Department acknowledges impact, but calls freeze an opportunity.
Defense Department components will have broad authority to exempt positions from President Trump’s hiring freeze, according to guidance the Pentagon issued Thursday.
A senior Defense official conceded the hiring moratorium will have an impact on the operations of the department, but said the freeze will provide an opportunity to identify its most critical positions. Going forward, specific exemptions will be spelled out by the secretaries of each service, the chairman of the joint chiefs of staff’s office, the inspector general’s office or the deputy chief management officer. Deputy Defense Secretary Bob Work, who signed the guidance, created five different categories of potential exemption: positions necessary to meet national security or public safety responsibilities, those determined additionally necessary by the aforementioned officials, exemptions required by law, exemptions that do not require approval and those that require advanced coordination with department leadership.
The Defense official could not state the number of civilian positions that will not be affected by the freeze, as department leadership must still determine the specifics. Positions exempted for national security and public safety include:
- Those required for cybersecurity
- Those in support of scheduled military operations, deployments, exercises, training and contingency planning
- Medical treatment and public health
- Law enforcement and firefighters
- Operational support to the president, Defense secretary or chairman of the joint chiefs
- Those involved in treaty enforcement; preventing and providing support to victims of sexual assault, domestic violence and suicide; and mortuary affairs
- Nuclear reactor and weapon safety and security
- Those reserved for foreign national employees or funded by foreign military sales
- Civilian mariners in the Military Sealift Command and positions in shipyards and depots tasked with inventory and maintenance of equipment
Defense officials can also exempt employees not in those positions if they certify in writing the necessity to maintain national security. Leadership may approve the exemptions on an individual or group basis. Those requesting the exemption must demonstrate a risk above that which accompanies “every decision not to hire,” and prove other personnel cannot be reallocated to fill the need.
Term and temporary employees may be extended to the maximum allowable time limit. Employees exercising return rights following an overseas or active duty deployment, returning after a workplace injury and dual status military technicians number among the exemptions required by law. As spelled out in governmentwide guidance from the Office of Management and Budget and the Office of Personnel Management, those with a hiring date prior to Jan. 22, those with Pathways appointments, political appointees and internal ladder promotions can all be exempted without approval.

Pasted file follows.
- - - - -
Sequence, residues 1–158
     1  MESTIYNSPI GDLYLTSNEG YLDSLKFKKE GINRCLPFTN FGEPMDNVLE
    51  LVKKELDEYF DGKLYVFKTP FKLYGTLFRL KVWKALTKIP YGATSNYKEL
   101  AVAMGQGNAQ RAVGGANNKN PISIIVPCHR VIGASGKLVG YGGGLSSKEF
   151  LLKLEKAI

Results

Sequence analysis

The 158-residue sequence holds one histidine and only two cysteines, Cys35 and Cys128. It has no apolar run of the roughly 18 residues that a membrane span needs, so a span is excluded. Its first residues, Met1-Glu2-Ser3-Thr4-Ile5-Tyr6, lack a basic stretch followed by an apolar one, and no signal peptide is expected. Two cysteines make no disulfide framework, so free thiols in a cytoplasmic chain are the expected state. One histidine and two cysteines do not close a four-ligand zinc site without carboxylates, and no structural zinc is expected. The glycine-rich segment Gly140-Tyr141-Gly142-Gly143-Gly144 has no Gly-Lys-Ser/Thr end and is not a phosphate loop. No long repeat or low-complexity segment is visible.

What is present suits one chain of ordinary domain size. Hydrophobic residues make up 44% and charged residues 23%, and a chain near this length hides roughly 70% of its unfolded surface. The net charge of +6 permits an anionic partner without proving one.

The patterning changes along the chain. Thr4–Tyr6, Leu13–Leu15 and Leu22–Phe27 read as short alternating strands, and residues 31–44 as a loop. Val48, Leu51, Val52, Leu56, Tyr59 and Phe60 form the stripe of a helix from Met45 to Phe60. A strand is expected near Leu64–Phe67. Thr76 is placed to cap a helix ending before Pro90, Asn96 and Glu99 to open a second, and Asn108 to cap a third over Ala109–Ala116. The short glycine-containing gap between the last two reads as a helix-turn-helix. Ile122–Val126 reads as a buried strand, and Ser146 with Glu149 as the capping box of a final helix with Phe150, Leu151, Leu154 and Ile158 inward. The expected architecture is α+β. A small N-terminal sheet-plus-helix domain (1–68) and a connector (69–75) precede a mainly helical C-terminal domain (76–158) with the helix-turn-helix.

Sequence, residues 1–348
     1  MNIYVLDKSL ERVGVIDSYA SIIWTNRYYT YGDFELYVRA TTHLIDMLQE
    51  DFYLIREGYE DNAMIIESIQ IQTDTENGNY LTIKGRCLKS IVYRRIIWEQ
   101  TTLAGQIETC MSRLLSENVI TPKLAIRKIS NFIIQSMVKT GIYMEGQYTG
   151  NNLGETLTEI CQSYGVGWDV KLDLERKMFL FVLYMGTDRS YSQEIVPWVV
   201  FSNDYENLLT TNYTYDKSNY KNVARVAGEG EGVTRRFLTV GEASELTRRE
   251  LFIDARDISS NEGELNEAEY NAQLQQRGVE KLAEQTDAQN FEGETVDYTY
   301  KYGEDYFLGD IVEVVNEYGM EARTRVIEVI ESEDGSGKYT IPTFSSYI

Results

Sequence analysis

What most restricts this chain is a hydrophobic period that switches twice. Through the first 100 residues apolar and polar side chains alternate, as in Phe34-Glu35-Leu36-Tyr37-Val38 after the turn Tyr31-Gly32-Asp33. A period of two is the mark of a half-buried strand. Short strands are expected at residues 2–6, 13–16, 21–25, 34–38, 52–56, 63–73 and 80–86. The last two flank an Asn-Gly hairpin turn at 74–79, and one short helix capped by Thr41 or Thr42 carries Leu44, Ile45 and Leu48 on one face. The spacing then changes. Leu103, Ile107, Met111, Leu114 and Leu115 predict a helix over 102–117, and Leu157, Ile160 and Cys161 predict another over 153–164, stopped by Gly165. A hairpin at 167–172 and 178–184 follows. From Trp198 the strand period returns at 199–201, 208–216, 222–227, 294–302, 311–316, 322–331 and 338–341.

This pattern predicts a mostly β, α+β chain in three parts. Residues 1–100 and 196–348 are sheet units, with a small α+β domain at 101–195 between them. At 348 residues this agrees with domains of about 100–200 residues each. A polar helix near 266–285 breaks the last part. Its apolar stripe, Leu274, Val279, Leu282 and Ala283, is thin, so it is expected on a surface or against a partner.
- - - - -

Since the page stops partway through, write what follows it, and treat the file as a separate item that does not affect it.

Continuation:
Defense services and activities can hire seasonal and short-term employees for seasonal work, but must coordinate with the undersecretary of Defense for personnel and readiness. Voluntary Senior Executive Service transfers and other exchange programs also fall in that category. The department will not implement anything that is in conflict with a collective bargaining agreement.
The Defense Department typically sees an attrition rate of 7.5 percent to 8 percent annually. A senior official said Thursday the freeze presents both a challenge and an opportunity.
“Because all of the department’s workforces are essential, there will be an impact,” the official said. “But at the same time, there is an opportunity here. We can look at how the department manages resources in the most effective and efficient way.”
The official added the freeze and the upcoming exemption decisions will “for sure” inform how the department implements the forthcoming, presidentially mandated long-term federal employee attrition plan being developed by OMB and OPM. Defense and its hiring freeze implementation will “be part of the governmentwide plan to optimize the entire federal civilian workforce,” the official said.
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